5 Tips for Communicating with Your Chinese Team During the Pandemic

With COVID-19 spreading extremely fast and disrupting “the normal” in the world of business, managers have been forced to urgently develop new communication management plans for their staff members. Employees all over the world are freaking out and are hungry for the right information at the right time. It is your job as a business leader to communicate early and often with your staff members throughout this crisis. But then there is a challenge: Most business leaders today have never led through a crisis of this magnitude before, so they don’t exactly understand the extent of the reliance employees have on them. 

In the COVID-19 epicenter, China, it is now more than 8 weeks since the government imposed quarantines and city lockdowns in a bid to counter the coronavirus. That has been hard on the economy, with most people losing their jobs and many small businesses closing down. However, though slowly, China is getting back to work. There is hope that the country will manage to control the pandemic in the next few months, which means that business will resume and for people who were intending to expand to China before the COVID-19 outbreak, they will be able to set up a company in China very soon. But until that happens, how do you communicate with your Chinese team during this pandemic? Here are 5 tips for you:

1. Form a COVID-19 task force

Compose an inter-departmental team to look into your company’s preparedness in terms of fighting coronavirus. The team can be headed by any of your employees, but it is best if it is chaired by someone from the human resources and deputized by someone experienced in communications or health matters. Other members can be from the legal department, operations, or sales. The task force should make key decisions on which message of hope, safety, or moral support should be communicated to the rest of the team, and when. 

Note: Once the COVID-19 task force is in place, all communications in regard to the company’s situation, either internal or external communications, must be communicated via the task force.

2. Share important news as quickly as possible

Many business leaders have made the mistake of assuming that the coronavirus is out there but not within their organization. You should not make this mistake. Ensure that the COVID-19 task force has the needed equipment to scan employees at the entrance and, in case someone tests positive, communicate the news to the rest of the team as fast as possible. This will ensure that you don’t put other employees at risk. Communicate candidly using a concise language on the steps to be taken without scaring people.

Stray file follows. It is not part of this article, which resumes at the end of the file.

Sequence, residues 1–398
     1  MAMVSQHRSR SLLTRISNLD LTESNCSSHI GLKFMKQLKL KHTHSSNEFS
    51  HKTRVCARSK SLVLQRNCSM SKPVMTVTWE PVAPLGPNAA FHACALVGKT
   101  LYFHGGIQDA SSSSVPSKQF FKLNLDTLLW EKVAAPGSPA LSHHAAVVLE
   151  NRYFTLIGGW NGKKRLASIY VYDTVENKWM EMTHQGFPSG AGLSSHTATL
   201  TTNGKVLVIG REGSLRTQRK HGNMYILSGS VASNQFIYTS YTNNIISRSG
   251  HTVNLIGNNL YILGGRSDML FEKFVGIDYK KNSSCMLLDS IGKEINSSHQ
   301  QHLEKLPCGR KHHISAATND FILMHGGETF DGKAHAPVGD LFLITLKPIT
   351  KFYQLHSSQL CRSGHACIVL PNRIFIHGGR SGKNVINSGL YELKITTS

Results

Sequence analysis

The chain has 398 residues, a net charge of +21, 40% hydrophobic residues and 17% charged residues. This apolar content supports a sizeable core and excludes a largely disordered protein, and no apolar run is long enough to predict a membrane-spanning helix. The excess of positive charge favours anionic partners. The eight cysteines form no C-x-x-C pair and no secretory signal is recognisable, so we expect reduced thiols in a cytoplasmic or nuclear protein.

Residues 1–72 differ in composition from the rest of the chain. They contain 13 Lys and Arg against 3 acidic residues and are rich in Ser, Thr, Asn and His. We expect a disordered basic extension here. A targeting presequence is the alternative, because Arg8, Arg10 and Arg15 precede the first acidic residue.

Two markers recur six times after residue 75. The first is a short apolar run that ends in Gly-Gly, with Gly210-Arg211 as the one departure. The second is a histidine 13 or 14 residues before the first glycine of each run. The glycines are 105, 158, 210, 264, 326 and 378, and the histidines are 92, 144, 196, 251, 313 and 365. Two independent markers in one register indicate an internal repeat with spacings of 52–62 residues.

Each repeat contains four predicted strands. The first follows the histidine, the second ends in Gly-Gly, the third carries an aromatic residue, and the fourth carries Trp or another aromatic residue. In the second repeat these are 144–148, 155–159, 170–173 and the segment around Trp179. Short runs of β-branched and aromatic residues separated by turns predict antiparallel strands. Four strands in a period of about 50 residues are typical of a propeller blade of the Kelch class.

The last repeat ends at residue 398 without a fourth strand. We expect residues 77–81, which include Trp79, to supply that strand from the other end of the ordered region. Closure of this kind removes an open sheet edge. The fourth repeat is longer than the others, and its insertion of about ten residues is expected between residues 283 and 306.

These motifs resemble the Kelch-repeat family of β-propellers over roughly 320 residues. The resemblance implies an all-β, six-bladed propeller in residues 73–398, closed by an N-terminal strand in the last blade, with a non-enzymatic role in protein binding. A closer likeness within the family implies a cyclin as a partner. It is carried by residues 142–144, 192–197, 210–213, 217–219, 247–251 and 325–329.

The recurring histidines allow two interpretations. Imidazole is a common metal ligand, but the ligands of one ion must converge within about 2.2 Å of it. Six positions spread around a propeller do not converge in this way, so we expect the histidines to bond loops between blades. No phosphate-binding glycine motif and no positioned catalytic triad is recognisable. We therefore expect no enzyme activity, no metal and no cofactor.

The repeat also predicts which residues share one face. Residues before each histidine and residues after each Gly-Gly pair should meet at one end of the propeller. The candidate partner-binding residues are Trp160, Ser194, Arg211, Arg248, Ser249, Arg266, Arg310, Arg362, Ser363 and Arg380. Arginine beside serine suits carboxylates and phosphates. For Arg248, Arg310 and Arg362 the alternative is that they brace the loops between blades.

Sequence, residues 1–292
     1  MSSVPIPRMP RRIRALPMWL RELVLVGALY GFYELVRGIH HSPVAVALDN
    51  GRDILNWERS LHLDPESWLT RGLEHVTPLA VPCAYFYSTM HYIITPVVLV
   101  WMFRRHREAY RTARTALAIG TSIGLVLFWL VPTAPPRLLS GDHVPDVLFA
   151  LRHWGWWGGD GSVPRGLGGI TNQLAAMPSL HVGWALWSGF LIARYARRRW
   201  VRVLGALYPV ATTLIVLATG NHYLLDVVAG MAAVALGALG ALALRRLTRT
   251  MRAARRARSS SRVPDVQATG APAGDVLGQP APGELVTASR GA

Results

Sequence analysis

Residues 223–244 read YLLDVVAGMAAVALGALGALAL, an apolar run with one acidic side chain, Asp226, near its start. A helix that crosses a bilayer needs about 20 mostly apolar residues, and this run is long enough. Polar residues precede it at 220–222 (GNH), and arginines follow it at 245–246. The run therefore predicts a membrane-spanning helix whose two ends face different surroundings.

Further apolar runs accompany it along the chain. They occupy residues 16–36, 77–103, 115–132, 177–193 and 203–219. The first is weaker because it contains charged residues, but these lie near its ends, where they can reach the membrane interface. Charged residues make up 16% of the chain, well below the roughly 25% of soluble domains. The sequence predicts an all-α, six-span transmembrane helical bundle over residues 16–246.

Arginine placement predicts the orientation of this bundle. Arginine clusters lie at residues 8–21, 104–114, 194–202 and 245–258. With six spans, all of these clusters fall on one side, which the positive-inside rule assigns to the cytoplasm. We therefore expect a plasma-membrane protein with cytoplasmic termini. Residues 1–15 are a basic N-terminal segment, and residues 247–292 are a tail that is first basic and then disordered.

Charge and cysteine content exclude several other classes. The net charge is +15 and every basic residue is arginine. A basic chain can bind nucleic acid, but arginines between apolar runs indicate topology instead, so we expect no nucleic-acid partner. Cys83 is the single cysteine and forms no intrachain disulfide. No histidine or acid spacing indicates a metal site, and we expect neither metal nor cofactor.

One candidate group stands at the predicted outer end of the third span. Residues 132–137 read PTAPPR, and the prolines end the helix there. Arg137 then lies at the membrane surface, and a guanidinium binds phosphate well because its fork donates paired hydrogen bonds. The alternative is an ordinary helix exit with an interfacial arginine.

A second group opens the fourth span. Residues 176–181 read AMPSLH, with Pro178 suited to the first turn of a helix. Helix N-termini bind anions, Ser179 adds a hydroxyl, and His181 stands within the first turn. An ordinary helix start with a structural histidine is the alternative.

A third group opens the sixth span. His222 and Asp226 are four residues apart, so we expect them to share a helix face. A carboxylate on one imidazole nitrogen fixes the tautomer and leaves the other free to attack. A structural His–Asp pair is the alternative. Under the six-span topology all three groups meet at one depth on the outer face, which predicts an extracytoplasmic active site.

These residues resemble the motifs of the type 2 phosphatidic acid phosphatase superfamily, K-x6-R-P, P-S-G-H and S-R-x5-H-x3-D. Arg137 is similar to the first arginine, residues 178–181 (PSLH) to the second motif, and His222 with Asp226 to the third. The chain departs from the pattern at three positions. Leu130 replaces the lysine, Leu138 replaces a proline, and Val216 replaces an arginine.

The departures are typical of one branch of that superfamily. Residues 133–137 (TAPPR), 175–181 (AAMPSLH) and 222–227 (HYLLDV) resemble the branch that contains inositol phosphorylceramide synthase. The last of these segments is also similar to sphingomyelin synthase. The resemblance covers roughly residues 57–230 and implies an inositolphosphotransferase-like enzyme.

3. Have protocols in place to counter misinformation

Keep in mind that disinformation during the COVID-19 pandemic has been spreading so fast as a result of politicians and journalists with no experience in public health sharing advice they aren’t sure about. Your organization should consult medical practitioners who are experienced in epidemiology before sharing any safety tips with the team. 

4. Create guidelines on remote working standards

If your company is experimenting on remote working for the first time, set up a team that will help you to communicate policies and instructions to remote workers. The team should set the expectation for working hours and productivity expectations. Some companies are okay with employees who disregard set working hours but still get the work done in good time. If you are okay with that, communicate it to the employees. If you are not, define your approach clearly. While at it, make sure that you invest in modern communication tools. 

5. Demonstrate purpose

Promote safety steps at the workplace and in the communities where your employees live in. Use posters, memos, FAQs, emails, and intranet postings to communicate these steps and to receive feedback not just from your team but also from your clients. Refer to WHO and CDC recommendations when sending out COVID-19 prevention tips. 

Demonstrating purpose also means explaining the impact of COVID-19 on your China-based company. Your team should know how your supply chains have been affected, the company’s financial position, and what they can do to help save the situation. Help your employees to plan accordingly.


Think of every communication from the perspective of your China-based team and try to empathize with them at all times. Ensure that you reveal as much as you can about sensitive information, and ensure that you are not scaring anyone while at it. 

Peter Palladino

Peter Palladino, a business development professional with 10 years of experience working in China. He constantly writes extensive articles covering topics about emerging markets, their ability to attract new business/investments from abroad. He helped many of them create branches in China, Japan, and the Philippines, and have been quite exposed to business-making in those markets. He has experience working in a range of industries and providing technical support in topics such as business growth, market expansion, and product development. Currently, he is also serving as an Expert at Globalization Pedia and provides technical advice for its China EOR solutions targeting U.S. International businesses. Peter is passionate about family, languages, traveling, and reading.